The first chocolate bar was invented in 1847 by a company named Fry's. Its recipe included a blend of melted cocoa butter, sugar and cocoa powder, and within the next few decades, companies invented hundreds of chocolate bar varieties.
Prior to the first chocolate bar, most people consumed cocoa in the form of drinking powders and pressed cakes that turned into hot cocoa when combined with hot water. It was not until 1847 that Fry's attempted the first chocolate bar, which was bitter compared to modern recipes. Nineteen years later in 1866, Fry's invented the chocolate cream bar, which had a chocolate outer layer with a sweet cream inner layer. In the 19th century's remaining decades, other chocolate inventions were produced, including Easter eggs and Fry's Turkish delight.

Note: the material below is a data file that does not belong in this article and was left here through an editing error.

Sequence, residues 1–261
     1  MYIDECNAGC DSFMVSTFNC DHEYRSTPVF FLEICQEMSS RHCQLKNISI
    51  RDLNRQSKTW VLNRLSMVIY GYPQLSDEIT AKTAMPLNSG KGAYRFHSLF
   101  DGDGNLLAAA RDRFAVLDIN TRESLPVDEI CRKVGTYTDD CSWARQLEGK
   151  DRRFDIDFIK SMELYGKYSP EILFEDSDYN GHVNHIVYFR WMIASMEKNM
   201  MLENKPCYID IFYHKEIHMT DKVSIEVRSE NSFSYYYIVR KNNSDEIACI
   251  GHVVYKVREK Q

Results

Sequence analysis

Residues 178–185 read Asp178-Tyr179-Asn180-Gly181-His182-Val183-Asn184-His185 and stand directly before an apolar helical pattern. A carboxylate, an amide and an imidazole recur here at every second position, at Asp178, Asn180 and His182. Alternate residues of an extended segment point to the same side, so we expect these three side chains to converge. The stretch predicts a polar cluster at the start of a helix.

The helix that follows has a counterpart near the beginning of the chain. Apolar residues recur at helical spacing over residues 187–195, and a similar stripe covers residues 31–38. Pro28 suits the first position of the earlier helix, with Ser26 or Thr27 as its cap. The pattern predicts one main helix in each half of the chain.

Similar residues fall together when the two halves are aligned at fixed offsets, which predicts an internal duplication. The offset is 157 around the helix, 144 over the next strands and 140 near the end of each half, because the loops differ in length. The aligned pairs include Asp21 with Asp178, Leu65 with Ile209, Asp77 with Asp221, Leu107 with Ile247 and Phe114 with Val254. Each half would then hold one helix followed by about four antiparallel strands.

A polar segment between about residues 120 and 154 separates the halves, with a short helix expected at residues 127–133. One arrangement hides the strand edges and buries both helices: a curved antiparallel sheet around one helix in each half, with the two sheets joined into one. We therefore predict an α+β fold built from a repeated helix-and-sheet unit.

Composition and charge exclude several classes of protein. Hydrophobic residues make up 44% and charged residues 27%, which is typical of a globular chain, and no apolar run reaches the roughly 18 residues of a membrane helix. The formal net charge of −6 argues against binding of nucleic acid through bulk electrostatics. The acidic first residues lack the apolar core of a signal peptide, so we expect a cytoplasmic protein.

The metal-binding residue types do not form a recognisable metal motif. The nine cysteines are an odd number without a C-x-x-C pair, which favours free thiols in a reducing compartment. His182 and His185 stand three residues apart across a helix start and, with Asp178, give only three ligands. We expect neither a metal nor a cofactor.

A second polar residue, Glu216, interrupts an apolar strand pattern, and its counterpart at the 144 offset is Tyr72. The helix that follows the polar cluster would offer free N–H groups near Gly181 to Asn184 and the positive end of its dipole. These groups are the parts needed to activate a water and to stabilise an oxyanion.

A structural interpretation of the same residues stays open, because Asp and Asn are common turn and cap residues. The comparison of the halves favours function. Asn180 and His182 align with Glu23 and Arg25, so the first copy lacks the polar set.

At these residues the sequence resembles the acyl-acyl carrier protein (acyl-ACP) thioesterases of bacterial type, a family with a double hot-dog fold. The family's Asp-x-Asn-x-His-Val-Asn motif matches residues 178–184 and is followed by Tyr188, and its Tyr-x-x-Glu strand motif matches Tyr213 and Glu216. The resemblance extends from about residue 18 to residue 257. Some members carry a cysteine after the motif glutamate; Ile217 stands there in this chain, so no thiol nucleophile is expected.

In 1875, Daniel Peter of Switzerland added milk to the chocolate bar recipe to deliver a product that is similar to modern chocolate bars. By using condensed milk, he was able to create a smooth and creamy texture. In 1897, the Cadbury factory in Britain began taking a similar approach by producing bars featuring milk powder paste, cocoa butter and powder and sugar. The taste of this bar was dry and bitter, but by 1907, a pleasanter recipe was in circulation. Over the course of the 20th century, more manufacturers began introducing chocolates and candies to the market, with a few lasting into the 21st century.